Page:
I firmly believe in working from the outside in. You need to bring the same level of convenience that borrowers ask for to the back end. And if you offer your borrowers self-service options, you need to give your loan officers insight into those things so they can communicate and offer support as needed. Everything should be synchronized.

There is often a big disconnect between the source and the service. Offering a personalized experience builds retention and helps ensure borrowers come back to you for more business. Your borrowers shouldn’t just be a loan or account number, there is a person behind that number and you need to know that person. Remember your birthday, reach out to celebrate your closing day anniversary. This is all part of providing a holistic experience. This also comes into play when a borrower satisfies their mortgage and the lien is released. The lien release process must be agile and efficient.

We expect to continue to see low for-sale inventory due to the “rate-locking” effect of the ultra-low interest rates many homeowners secured in the early 2020s, which will likely extend the traditional average length of servicing relationship for sometimes. This creates unique opportunities for managers to build long-term relationships with their clients. To that end, your number one priority should be to become a trusted partner who is there to answer questions and support all of your housing financial needs. Whether you’re a bank, credit union, or non-bank, offering a holistic approach can be enormously valuable, and leveraging technology can help you do so efficiently and effectively.

HW: How does ICE approach its digital strategy and product development?

YE: When it comes to product development, you have to think about the end user; we call it empathy-driven development. Some in software development don’t think that way. They think it’s just about the code, but also about how the technology is designed to interact with people. Education is everything and we want people to know the options available to them.

Our solution, Digital Servicing, gives borrowers facing challenges with their mortgage payments the ability to request assistance from their servicer at any time. Borrowers can ask sensitive questions from the privacy of their own home, authorize an income analysis, and even upload and review documents in real time. They don’t even have to be in default to take advantage of these services. If a borrower recently lost their job and is worried about paying their mortgage, they can contact their servicer now to understand all the options available to them.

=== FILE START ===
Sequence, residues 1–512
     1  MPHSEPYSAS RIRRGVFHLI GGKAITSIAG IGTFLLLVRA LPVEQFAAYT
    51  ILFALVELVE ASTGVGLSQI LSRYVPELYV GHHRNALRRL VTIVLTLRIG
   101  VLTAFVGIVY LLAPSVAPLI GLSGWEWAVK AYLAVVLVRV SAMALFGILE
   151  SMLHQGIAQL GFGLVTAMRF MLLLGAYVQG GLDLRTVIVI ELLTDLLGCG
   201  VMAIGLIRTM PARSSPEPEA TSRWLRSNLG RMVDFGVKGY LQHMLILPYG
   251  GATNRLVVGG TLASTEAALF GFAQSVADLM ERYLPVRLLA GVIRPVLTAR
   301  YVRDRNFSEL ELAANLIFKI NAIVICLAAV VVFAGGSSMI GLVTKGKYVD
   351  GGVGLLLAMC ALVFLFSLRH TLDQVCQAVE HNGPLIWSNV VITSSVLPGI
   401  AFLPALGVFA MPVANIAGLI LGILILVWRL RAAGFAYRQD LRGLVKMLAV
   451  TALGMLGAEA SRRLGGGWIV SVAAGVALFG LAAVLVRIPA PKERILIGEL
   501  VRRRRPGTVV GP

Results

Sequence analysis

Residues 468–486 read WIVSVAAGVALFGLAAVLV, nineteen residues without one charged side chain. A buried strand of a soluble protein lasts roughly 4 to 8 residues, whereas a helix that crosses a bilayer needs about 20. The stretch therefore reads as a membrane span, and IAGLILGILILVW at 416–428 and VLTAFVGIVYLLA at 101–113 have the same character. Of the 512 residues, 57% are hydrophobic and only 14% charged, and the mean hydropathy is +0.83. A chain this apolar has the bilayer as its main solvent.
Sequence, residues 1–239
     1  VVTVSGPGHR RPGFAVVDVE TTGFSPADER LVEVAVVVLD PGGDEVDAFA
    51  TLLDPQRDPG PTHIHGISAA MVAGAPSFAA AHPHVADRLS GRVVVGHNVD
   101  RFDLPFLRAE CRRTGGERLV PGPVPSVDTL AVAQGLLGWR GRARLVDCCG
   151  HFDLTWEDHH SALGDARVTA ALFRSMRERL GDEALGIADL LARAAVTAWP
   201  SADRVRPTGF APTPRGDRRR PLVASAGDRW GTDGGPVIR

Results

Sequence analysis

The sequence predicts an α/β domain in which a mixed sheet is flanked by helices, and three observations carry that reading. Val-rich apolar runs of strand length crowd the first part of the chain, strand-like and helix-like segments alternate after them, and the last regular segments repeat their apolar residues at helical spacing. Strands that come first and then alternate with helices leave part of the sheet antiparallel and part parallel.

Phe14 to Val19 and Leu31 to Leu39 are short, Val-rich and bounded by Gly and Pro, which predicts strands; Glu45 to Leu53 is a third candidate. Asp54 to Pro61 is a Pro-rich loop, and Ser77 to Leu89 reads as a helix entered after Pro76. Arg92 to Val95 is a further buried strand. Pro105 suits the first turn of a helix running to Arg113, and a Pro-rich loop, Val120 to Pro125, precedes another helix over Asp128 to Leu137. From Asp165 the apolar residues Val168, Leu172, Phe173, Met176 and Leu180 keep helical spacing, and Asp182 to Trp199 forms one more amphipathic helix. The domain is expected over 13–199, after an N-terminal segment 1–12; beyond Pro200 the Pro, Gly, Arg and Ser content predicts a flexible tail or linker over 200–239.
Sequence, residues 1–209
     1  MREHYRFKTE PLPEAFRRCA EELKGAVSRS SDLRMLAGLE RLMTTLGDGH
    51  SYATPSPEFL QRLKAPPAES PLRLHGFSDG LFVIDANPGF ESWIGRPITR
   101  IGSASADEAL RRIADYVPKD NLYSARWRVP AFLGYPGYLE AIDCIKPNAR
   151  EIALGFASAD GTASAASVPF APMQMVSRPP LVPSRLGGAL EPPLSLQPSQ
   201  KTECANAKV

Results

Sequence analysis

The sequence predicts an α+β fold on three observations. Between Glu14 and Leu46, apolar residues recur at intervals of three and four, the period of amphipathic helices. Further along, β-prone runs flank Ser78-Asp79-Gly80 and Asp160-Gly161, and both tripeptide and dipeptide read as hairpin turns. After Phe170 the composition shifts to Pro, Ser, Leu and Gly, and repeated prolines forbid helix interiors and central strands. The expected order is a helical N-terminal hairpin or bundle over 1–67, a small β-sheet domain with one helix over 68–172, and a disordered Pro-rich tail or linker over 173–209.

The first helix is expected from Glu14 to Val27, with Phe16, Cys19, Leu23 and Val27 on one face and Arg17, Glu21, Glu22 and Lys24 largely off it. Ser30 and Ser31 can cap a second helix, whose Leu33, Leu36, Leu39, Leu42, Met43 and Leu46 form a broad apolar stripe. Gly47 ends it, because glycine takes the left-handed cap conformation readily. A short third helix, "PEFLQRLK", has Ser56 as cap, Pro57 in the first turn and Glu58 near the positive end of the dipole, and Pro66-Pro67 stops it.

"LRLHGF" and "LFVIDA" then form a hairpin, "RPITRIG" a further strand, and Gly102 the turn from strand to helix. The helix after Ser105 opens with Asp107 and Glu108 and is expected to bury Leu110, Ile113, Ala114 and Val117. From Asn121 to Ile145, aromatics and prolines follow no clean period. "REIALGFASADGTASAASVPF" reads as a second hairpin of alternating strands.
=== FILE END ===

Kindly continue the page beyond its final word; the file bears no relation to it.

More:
It’s not about the loan, it should always be about home ownership. Lenders, servicers, and we as technology providers are in the business of helping people get into and stay in their homes. Everything we do at ICE is aimed at helping people achieve the dream of homeownership. If you take this empathetic approach with integrity, you can be proud of the impact you are having on people’s lives.

HW: Although delinquencies are low and loan performance is strong… there is also uncertainty that this current market will not last. What should lenders think about when facing the future with a bit of uncertainty?

YE: I would say two things about it. The first is that when you start from that place of empathy, whether delinquency is high or low, someone’s ability to pay is affected by something. So if we are able to help at least one homeowner stay in their home, we are having an impact. The other is that, I believe, given current economic trends, we will see an increase in delinquencies and we need to prepare for how we can use technology to engage borrowers and provide them with tools to ensure they are aware of all the options available.

Let me give an example of how technology can help in this area. Nobody expected the COVID-19 pandemic. In response, the GSEs launched programs to help with payment assistance. We had those programs up and running in Service Digital in a single sprint, i.e. two weeks. And with the click of a button, borrowers in need of assistance could easily get information and help. I know that we, as an industry, want to help those who are struggling financially stay in their homes, and the only way to do that is through the careful use of proven technology.